All key team members who participated in the formation of requirements and product development strategies familiarized themselves with the literature, articles and sites on usability and design in order to get a general idea of ​​the principles of operation of convenient systems. We especially note the book by Jeff Raskin "Interfaces: new directions in the design of computer systems." Such preparation made the process of communication with an external design studio much faster, we began to speak almost the same language.

    Our team wrote out a list of those functions that they considered absolutely necessary, described them in as much detail as they considered necessary, and passed the description to the designers. The guys from Malgini watched, discussed within themselves, asked colleagues, showed their neighbors and friends - and wrote a list of 10-20 comments and suggestions about what they like and what, in their opinion, needs serious revision. After that, we had a scheduled meeting on Skype and, going through a list of disagreements and questions prepared on both sides, quickly found all the answers that satisfied both sides. Satisfied, the designers completed the result, the programmers realized it - and we got a new version of the interface.

    For us, this approach has become the most effective.

    First, it turned out that the speed of thought and the depth of abstract thinking of analysts is fundamentally different from those of designers. If you “torture” a designer and shake ideas out of him “on the fly”, nothing works, as always with creativity, it doesn’t work. But if you clearly understand the ultimate goal, then give freedom to criticize and modify it, then the creative talent of the designers is included, and they take up with vengeance discussion and refinement, sometimes offering such cool ideas that without such a “creative pause” we would never did not think of it before.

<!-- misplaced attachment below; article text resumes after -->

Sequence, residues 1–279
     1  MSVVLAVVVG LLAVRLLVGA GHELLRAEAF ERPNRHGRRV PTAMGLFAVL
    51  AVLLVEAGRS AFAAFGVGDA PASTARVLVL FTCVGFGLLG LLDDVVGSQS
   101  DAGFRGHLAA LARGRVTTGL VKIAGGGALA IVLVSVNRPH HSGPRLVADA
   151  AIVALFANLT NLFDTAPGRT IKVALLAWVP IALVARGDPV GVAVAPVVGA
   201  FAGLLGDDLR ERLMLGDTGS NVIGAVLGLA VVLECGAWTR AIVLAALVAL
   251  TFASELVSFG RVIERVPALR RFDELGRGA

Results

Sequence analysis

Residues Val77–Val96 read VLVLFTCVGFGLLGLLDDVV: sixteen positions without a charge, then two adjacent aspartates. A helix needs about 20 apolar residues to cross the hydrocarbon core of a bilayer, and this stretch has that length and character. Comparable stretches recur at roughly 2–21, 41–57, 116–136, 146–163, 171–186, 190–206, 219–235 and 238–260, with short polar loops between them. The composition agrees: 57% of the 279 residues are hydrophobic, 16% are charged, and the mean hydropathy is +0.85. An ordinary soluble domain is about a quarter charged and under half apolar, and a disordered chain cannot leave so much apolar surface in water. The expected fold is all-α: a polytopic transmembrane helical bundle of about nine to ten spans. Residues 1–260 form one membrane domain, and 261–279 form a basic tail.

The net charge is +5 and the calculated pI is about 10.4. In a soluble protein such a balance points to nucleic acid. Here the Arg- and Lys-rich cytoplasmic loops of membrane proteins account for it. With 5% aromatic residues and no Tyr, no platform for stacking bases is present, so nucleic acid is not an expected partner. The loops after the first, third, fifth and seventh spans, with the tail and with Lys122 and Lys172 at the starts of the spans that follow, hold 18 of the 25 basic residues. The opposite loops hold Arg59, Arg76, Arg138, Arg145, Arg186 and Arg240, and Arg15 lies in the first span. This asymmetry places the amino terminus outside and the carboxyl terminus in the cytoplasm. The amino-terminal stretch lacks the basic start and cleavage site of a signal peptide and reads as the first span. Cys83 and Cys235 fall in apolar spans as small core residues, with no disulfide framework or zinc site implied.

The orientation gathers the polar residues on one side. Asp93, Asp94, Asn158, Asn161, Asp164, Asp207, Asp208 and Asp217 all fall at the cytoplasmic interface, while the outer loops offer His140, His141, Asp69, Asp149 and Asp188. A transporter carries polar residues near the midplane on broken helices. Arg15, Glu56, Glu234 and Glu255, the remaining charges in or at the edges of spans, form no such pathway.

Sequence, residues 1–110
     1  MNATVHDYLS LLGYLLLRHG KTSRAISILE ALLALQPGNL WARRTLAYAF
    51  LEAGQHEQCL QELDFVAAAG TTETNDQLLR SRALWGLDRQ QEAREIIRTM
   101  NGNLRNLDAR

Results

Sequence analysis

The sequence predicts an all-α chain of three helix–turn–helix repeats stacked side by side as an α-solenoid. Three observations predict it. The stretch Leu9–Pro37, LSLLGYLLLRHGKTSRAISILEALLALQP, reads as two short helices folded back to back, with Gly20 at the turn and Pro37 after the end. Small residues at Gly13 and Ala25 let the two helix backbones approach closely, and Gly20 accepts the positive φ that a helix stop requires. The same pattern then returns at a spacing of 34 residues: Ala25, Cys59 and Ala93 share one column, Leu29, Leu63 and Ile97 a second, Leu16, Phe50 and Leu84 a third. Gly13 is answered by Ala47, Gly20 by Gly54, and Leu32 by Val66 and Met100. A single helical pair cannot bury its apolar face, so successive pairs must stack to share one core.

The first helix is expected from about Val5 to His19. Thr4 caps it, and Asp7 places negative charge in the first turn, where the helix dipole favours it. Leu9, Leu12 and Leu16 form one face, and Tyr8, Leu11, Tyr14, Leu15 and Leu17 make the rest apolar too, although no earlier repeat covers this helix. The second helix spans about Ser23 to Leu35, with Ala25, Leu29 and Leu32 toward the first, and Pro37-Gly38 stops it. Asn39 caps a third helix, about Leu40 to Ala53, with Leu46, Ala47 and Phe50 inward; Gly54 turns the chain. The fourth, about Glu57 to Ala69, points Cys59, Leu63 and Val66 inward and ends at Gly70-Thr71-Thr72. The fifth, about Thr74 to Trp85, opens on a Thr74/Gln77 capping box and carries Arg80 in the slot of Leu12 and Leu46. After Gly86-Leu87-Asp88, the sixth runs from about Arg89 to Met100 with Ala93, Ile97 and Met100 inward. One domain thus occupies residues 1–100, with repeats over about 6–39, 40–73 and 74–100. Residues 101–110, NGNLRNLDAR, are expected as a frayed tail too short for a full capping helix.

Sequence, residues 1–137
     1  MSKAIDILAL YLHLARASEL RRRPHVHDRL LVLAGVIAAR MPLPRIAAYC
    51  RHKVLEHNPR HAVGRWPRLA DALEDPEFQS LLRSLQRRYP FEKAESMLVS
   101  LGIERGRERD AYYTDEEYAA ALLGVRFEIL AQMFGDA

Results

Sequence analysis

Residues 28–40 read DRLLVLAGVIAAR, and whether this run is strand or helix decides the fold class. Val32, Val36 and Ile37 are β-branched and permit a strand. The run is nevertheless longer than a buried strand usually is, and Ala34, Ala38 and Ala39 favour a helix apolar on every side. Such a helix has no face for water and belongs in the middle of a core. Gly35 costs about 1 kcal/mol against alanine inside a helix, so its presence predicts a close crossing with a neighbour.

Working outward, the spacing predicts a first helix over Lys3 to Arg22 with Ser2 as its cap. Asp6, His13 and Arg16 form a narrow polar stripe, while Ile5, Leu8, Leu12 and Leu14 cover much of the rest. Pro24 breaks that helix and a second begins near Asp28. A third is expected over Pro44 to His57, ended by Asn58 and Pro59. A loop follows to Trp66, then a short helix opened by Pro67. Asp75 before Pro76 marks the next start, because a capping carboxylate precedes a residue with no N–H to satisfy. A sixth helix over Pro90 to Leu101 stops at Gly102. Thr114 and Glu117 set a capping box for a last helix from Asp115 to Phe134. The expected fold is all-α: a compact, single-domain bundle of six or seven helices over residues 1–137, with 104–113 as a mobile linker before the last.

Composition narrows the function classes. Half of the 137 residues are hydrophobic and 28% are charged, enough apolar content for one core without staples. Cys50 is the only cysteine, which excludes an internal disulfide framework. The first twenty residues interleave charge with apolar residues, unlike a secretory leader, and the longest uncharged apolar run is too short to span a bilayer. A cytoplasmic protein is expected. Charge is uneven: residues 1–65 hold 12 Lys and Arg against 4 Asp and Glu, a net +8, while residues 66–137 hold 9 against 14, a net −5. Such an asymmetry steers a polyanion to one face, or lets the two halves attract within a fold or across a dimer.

Secondly, the designers acted as the first users who tested our ideas “for lice”. They helped to skip a few iterations and immediately do functions quite well.

    Thirdly, designers got the right to defend their ideas, and this greatly influenced the final product: having an excellent understanding of usability and a sense of taste, they spent time persuading (rather than taking our demands at face value), for which we are very grateful to them .

    What else did we manage to learn?

    1. We found out that in order to create a convenient and beautiful interface, designers should “root” for the project no less than members of the team. That is, if you simply outsource the design, writing down the requirements in a beautiful brand book (which, in principle, is unrealistic for a startup that creates and re-creates its product several times a year), it will result in a “dead design”, without a soul. You severely limit the designers' flight of their imagination and reduce the degree of their influence on the result - but this is not possible with creative people. The result is sad.